The question of what type of batteries are best for the environment is a pretty fraught one. There are actually many factors to consider when deciding what types of batteries have the lowest impact on the environment. And when it comes down to comparing rechargeable batteries with single-use, the question remains difficult to answer because it all depends on how they are used and what they are made of.
A good rule of thumb though is to look for the companies that make sustainability and eco-consciousness the main selling point of their batteries. Pale Blue Earth out of Utah, for example, produce eco-friendly smart batteries that can be charged by USB. These batteries are all about sustainability and effectiveness, and they are simply more energy efficient than other types of batteries. Energy efficiency, in whatever way that manifests, is always the way to go where the environment is concerned.
So, to get back to the main question – are rechargeable batteries actually better for the environment? They are usually sold as being so and, in the case of batteries like those produced by Pale Blue Earth, often boast great energy efficiency. Yet single-use batteries have their advantages too.
The Most Important Comparison
When truly weighing up the environmental impact of single-use and rechargeable batteries, you should keep one essential comparison in mind. This is the impact of energy use versus the impact of waste. Both things are said to be environmentally harmful. A rechargeable battery will not be thrown away for a very long time, but it will regularly use up electricity for each of its charge cycles. A single-use battery will never eat up any of your home’s electricity, but over the lifespan of a typical rechargeable battery, you could find yourself tossing a fair few of these kinds of batteries into the trash.
The Cradle to Grave Approach
And the environmental concerns do not stop with the question of electricity use versus waste. How batteries are made and disposed of is also vitally important. To accurately assess a battery’s environmental impact, you need to consider how it is made, how it is used, and then how it is disposed of. This is known as the “cradle to grave” approach.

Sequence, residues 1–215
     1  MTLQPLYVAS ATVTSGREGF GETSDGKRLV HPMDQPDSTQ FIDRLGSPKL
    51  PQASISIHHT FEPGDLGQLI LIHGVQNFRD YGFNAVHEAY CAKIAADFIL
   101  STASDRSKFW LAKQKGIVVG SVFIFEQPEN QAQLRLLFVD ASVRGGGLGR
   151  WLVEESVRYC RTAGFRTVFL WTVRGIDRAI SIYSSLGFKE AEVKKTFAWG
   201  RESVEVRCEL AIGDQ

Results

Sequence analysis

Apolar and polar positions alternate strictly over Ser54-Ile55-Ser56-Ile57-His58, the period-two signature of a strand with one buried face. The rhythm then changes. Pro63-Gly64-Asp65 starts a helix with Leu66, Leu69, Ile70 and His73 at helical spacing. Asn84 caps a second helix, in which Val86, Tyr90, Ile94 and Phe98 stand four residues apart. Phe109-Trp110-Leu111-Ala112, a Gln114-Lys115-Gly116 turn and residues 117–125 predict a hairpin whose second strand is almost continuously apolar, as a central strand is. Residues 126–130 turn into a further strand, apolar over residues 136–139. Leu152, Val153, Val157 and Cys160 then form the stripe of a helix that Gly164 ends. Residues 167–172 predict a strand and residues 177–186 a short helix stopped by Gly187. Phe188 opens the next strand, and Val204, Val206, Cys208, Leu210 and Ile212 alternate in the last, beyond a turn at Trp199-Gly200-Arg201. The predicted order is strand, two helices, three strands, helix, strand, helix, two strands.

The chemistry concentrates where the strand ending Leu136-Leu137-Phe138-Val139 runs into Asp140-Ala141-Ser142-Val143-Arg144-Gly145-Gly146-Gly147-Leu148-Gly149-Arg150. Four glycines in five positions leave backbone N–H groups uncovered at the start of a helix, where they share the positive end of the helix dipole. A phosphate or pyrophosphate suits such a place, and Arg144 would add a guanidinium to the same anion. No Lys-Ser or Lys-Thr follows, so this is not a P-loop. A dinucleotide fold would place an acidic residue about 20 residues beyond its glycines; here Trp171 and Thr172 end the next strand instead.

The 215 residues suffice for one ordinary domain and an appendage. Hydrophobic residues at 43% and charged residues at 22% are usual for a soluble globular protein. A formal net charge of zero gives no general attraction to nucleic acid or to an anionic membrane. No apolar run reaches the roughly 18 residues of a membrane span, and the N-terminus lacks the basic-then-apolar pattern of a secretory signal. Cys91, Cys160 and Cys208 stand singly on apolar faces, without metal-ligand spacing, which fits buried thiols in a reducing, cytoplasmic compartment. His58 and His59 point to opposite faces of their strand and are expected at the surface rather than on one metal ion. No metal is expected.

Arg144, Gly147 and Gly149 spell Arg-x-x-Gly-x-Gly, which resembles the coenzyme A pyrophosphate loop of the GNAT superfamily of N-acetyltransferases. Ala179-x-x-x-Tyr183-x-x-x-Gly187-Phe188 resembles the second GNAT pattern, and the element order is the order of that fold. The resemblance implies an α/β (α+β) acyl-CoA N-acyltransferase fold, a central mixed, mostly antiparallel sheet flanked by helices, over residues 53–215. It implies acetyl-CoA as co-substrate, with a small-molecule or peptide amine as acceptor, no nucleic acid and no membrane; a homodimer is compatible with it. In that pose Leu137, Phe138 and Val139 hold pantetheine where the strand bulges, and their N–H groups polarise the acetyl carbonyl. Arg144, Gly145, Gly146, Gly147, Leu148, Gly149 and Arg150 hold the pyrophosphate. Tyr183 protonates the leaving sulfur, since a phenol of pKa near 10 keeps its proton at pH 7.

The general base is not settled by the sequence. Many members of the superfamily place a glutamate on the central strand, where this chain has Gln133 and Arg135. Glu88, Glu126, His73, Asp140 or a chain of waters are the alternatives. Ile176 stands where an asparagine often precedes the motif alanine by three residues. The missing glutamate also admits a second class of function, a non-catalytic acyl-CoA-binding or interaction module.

Rechargeable batteries can be made of a number of things, but most often they are lithium-ion cells. Lithium-ion brings energy efficiency to these batteries that can be beneficial to the environment. Unfortunately, their manufacture poses some concerns. Nickel batteries also have the same problem.
And at the other end of the lifecycle, batteries will also have to be disposed of. Some battery materials are currently recycled in different proportions than others. For single-use batteries (the ones that will be thrown out more often), the opportunity for recycling is widespread, something that can offset the waste problem.
It’s all About Use
As you might have guessed by now, there isn’t really one definitive answer to our question. Ultimately, it all comes down to use. For high-consumption devices, therefore, rechargeable batteries are undoubtedly the best because regular charge cycles are less damaging to the environment than constantly throwing out spent batteries. For smoke detectors, alarm clocks, and other low-consumption devices though, single-use might be preferable simply because they will last a long time, can be recycled in the end, and will not need any recharging.
There is a good deal more that could be said about these two types of batteries. But it must be said that rechargeables have the edge in most circumstances. Keep those single-use around for your alarm clock though.